Other indicators of deteriorating weather:

Indicators of impending strong winds:

Indicators of impending precipitation:

Indicators of continuing fair weather:

Indicators of clearing weather:

Source: Indicators of weather courtesy of Larry and Susan Macdonald. Their wonderful website came offline this year (2020), and we've retrieved some of the content using Wayback Machine.


A brass barometer on a bulkhead in a sailboat When the glass falls low, prepare for a blow; when the glass is high, let your kites fly.

A good barometer is a lifesaver on a boat. At sea, record the barometer readings every hour. If you see any sudden changes, this is telling of a change in weather. The larger the barometric change, the more extreme the weather change.

Aneroid barometers: Inside an aneroid barometer (aneroid = without fluid) is a small capsule. This capsule has had the air pumped out of it. When the air pressure rises, the sides of the capsule are compressed. The capsule is attached to levers which move a needle as the air pressure squeezes the capsule. A dial behind the needle tells you the air pressure and altitude or weather forecast. They are less accurate than mercurial barometers.

Wonder if your barometer is working? You can find out using a plastic bag. The idea is that if you seal it in with a pocket of air, and press on the bag, if the unit isn't faulty, the needle will move clockwise as the pressure within the bag changes.

beaufort scale

The Beaufort Scale of Wind Force was developed in 1805 by Admiral Sir Francis Beaufort as a means for sailors to gauge wind speeds through visual observations of the sea state.

The scale runs from Force 0 (calm) to Force 12 (Hurricane).

Force Wind (Knots) Classification Wind Effect
0 <1 Calm Sea surface smooth and mirror-like.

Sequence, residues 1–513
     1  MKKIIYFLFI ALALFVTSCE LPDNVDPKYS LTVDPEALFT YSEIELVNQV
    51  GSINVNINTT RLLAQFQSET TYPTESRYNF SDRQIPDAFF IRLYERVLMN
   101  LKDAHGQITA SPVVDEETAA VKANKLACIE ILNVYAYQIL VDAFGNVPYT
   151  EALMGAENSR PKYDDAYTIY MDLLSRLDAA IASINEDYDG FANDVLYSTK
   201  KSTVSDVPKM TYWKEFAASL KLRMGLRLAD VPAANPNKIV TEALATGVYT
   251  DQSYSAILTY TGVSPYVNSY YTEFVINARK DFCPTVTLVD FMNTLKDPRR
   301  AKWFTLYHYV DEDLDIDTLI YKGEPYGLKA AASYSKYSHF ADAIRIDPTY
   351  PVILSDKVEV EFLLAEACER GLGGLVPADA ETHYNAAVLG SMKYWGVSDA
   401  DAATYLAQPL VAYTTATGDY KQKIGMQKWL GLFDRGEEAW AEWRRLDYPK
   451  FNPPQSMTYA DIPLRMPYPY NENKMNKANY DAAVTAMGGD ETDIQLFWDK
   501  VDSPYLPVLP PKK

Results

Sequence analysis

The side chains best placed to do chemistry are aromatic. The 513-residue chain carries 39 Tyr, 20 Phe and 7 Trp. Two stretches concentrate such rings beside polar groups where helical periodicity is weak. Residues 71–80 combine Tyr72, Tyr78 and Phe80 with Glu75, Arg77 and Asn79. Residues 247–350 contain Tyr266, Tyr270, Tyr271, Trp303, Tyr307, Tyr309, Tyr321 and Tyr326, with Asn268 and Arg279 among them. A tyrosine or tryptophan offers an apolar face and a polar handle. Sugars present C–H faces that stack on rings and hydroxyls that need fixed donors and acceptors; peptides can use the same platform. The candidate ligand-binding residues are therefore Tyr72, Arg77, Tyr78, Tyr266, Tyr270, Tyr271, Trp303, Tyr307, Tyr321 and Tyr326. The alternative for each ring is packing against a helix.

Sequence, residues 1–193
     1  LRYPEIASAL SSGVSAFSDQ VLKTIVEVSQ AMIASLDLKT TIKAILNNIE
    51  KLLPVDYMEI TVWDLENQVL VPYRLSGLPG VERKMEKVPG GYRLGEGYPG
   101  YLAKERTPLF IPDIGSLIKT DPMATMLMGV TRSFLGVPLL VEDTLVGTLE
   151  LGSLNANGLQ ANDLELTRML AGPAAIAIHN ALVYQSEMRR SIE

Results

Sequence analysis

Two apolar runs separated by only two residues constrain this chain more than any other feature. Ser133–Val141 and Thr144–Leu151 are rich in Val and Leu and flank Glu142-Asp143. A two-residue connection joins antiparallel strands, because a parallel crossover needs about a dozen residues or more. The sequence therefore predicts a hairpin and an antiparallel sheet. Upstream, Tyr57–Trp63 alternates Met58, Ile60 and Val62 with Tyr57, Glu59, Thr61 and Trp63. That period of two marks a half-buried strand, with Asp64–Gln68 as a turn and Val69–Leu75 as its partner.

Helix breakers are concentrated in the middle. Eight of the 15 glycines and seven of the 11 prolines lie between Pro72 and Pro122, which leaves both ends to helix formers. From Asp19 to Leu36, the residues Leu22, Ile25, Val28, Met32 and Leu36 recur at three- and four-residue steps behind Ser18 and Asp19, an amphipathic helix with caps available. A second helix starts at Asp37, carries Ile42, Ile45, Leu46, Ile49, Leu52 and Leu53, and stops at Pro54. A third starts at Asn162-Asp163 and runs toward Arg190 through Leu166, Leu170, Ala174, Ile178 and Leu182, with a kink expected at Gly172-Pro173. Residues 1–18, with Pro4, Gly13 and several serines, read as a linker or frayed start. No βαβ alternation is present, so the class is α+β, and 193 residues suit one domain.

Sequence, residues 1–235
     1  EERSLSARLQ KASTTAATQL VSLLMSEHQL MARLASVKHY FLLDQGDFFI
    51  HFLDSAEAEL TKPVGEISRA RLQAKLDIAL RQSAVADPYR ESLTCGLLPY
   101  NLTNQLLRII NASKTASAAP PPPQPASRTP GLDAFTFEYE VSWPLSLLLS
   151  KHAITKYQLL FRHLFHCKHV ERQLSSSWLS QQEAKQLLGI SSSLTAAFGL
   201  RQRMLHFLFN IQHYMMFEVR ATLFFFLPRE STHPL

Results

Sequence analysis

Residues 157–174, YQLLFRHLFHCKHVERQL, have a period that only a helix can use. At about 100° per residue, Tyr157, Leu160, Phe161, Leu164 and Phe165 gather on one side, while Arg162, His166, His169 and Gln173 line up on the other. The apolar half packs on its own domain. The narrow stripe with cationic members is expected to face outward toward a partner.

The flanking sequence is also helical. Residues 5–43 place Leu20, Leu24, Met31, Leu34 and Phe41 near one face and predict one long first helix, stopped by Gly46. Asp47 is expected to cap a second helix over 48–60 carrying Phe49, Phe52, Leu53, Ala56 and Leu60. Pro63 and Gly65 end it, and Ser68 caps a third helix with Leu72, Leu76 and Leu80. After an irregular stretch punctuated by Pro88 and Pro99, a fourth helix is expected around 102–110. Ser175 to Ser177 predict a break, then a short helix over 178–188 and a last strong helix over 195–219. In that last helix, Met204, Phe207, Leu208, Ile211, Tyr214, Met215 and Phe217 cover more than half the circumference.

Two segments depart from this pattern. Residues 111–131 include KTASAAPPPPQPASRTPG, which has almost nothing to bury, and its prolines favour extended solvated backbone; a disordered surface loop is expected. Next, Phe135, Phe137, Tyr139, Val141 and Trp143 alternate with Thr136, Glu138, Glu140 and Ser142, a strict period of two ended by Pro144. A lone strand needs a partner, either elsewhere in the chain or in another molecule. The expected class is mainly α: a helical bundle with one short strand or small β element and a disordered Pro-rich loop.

1 1-3 Calm Scaly ripples, no foam crests.
2 4-6 Light Breeze Small wavelets, crests glassy, no breaking.
3 7-10 Gentle Breeze Large wavelets, crests begin to break, scattered whitecaps.
4 11-16 Moderate Breeze Small waves 1-4 ft. becoming longer, numerous whitecaps.
5 17-21 Fresh Breeze Moderate waves 4-8 ft taking longer form, many whitecaps, some spray.
6 22-27 Strong Breeze Larger waves 8-13 ft, whitecaps common, more spray.
7 28-33 Near Gale Sea heaps up, waves 13-20 ft, white foam streaks off breakers.
8 34-40 Gale Moderately high (13-20 ft) waves of greater length, edges of crests begin to break into spindrift, foam blown in streaks.
9 41-47 Strong Gale High waves (20 ft), sea begins to roll, dense streaks of foam, spray may reduce visibility.
10 48-55 Storm Very high waves (20-30 ft) with overhanging crests, sea white with densely blown foam, heavy rolling, lowered visibility.
11 56-63 Violent Storm Exceptionally high (30-45 ft) waves, foam patches cover sea, visibility more reduced.
12 64+ Hurricane Air filled with foam, waves over 45 ft, sea completely white with driving spray, visibility greatly reduced.

This is the scale that we use in our book busy doing nothing.